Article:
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Blockchain Technologies to get Increasingly Powerful and Robust

You may be familiar with blockchain as the technology powering bitcoin cryptocurrency. But blockchain’s potential goes far beyond this, with healthcare being just one of the industries set to be revolutionized. In an editorial published today in the International Journal of Health GeographicsMaged N. Kamel Boulos and colleagues discuss how we could soon see blockchain technology securing patient and provider identities, managing medical supply lines, enabling public and open geo-tagged data and much more.

The last couple of years have seen a growing interest in blockchain technologies among the health and healthcare research and practice communities. Blockchain is the core distributed ledger technology powering the well-known bitcoin cryptocurrency. However, the interest of our communities in blockchain goes far beyond bitcoin.

In March 2018, a consortium of scholarly publishers, including Springer Nature, launched Phase 1 of Blockchain for Peer Review “to make the peer review process more transparent, recognisable and trustworthy.” Earlier, in 2017, the US Centers for Disease Control and Prevention (CDC) started experimenting with blockchain for sharing public health data to help public health workers respond faster to a crisis.

At the time of writing (20 June 2018), a PubMed query using the term ‘blockchain’ retrieved 41 indexed papers. Blockchain solutions are currently being explored in different parts of the world for securing patient and provider identities, for managing pharmaceutical and medical device supply chains, for medical fraud detection, for medical data sharing among researchers, for research data monetisation, and in crisis mapping and recovery scenarios using blockchain-enabled augmented reality.

The Internet of Things (IoT) is the foundation of the smart healthy cities and regions of today and tomorrow. The market for IoT devices and apps that negotiate with, and pay, each other for secure, safe operation and services is expected to grow in the near future. Examples of these IoT devices include mobile and wearable devices that pay for public transportation, and autonomous connected devices and vehicles for smart city emergency/disaster response, such as a drone defibrillator, or a drone for the delivery of ordered medicines and medical supplies, or a self-driving ambulance car (or helicopter).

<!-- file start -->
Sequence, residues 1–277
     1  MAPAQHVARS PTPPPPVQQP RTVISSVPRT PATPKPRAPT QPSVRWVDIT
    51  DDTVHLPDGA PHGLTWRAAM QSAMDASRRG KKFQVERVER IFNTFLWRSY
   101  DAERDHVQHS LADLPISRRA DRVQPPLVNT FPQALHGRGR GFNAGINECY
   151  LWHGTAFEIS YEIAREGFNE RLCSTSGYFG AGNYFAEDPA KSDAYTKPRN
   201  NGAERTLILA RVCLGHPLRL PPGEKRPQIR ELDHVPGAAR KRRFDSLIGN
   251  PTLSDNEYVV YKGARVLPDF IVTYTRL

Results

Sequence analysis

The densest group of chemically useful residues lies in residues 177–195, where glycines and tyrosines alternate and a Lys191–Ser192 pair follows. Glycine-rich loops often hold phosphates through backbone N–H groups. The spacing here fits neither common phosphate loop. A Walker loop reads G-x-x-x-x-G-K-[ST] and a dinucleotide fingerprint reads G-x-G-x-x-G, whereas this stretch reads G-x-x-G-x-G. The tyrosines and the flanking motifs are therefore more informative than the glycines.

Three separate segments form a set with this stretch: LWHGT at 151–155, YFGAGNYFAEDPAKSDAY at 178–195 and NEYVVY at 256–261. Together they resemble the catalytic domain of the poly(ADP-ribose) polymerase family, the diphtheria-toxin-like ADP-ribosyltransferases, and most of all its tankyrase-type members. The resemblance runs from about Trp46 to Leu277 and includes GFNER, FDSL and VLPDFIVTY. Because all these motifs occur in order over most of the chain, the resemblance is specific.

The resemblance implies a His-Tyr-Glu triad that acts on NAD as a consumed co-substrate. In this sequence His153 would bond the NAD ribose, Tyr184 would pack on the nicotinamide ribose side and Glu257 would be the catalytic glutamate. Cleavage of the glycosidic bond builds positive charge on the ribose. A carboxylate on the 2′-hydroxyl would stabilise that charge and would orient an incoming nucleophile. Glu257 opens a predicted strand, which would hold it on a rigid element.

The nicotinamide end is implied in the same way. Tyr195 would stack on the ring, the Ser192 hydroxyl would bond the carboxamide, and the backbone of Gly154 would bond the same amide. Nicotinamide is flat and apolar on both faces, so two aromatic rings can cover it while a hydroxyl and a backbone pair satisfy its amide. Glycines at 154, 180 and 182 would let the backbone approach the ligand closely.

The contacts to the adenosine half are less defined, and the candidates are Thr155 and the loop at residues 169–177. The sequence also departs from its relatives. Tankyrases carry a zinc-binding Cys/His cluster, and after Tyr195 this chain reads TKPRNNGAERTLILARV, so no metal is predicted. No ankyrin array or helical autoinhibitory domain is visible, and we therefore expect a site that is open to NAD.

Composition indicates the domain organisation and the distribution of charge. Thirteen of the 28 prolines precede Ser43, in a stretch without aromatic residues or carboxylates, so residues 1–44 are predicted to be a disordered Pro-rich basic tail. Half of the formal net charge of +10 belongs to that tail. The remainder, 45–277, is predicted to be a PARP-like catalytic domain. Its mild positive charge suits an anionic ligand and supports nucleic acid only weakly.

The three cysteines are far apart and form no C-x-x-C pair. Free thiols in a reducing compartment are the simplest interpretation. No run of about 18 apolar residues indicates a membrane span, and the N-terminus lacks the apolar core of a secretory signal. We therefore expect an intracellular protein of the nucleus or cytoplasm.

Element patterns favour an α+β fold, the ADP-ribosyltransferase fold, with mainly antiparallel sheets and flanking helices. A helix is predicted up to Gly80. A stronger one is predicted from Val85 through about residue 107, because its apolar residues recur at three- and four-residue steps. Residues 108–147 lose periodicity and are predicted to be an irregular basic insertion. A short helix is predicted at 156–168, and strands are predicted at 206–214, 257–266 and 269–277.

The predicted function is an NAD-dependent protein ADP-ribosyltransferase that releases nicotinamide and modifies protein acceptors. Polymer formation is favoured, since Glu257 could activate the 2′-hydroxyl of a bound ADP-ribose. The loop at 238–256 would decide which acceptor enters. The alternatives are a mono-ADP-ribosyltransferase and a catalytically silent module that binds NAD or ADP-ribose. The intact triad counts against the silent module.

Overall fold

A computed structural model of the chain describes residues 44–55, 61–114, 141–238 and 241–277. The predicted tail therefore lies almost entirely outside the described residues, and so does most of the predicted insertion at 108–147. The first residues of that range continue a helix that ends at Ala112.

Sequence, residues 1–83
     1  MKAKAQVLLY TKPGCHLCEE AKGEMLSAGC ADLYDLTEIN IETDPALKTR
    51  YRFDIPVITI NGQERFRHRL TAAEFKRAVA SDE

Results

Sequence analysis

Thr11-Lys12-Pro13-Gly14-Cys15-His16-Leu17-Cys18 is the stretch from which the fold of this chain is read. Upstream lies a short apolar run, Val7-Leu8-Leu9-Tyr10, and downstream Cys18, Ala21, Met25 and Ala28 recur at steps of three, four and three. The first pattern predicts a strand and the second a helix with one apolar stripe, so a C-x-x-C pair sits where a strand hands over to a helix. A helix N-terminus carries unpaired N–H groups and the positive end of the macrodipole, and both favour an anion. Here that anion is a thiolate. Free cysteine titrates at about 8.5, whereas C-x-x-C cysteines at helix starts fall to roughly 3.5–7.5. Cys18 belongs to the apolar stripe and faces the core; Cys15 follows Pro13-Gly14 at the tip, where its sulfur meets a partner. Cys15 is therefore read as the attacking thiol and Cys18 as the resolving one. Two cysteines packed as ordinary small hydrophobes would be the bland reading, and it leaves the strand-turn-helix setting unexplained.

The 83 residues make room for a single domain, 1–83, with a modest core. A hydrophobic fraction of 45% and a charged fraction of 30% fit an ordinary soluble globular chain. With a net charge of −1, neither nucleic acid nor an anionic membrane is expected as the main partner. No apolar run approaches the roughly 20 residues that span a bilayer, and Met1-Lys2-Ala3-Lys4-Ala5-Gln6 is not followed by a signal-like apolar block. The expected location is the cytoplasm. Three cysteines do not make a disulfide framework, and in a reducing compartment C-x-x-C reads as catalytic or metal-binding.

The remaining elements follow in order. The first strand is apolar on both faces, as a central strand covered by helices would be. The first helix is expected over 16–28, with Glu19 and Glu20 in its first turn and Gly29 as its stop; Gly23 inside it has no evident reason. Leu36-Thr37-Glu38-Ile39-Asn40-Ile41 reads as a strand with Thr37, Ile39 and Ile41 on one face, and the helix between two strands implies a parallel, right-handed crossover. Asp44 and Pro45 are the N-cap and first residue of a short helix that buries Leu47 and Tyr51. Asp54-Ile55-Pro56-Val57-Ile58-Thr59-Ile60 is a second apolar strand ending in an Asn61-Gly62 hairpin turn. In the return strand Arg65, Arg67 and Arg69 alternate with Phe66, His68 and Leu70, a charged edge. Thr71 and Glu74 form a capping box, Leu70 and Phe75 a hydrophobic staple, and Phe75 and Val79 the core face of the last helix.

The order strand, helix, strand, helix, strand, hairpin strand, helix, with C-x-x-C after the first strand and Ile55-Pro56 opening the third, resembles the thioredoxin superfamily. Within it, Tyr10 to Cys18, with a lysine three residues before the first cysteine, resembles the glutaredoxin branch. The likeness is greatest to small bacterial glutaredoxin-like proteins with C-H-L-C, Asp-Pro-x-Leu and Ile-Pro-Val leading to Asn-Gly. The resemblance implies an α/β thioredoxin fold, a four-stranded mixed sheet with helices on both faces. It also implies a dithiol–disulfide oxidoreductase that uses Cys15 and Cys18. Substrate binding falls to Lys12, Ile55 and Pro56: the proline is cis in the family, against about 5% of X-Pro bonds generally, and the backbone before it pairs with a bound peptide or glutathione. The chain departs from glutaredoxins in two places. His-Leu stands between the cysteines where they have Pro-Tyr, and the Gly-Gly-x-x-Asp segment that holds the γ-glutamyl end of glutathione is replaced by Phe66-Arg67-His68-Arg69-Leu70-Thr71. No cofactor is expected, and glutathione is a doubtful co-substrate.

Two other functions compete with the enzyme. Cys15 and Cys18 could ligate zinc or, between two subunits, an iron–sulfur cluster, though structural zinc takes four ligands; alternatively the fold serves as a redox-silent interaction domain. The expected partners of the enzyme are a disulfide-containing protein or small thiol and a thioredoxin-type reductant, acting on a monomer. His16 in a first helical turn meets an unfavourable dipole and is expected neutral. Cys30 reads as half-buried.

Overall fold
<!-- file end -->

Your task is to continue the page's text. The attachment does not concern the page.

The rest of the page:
The blockchain-powered, distributed peer-to-peer apps powering these smart devices, drones and vehicles would cut out the ‘middleman’ and the dependence on third-party centralized providers for navigation and other geospatial data, and would mitigate the possibility of an IoT-powered autonomous vehicle being hijacked and driven to a wrong location.

The challenges facing blockchain technologies today include interoperability, security and privacy, as well as the need to find suitable and sustainable business models of implementation. However, these challenges are not insurmountable, and I expect blockchain technologies to get increasingly powerful and robust, as they become coupled with artificial intelligence (AI) in various real-word healthcare solutions involving AI-mediated data exchange on blockchains.

Healthcare solutions http://bit.ly/2tZgzCa

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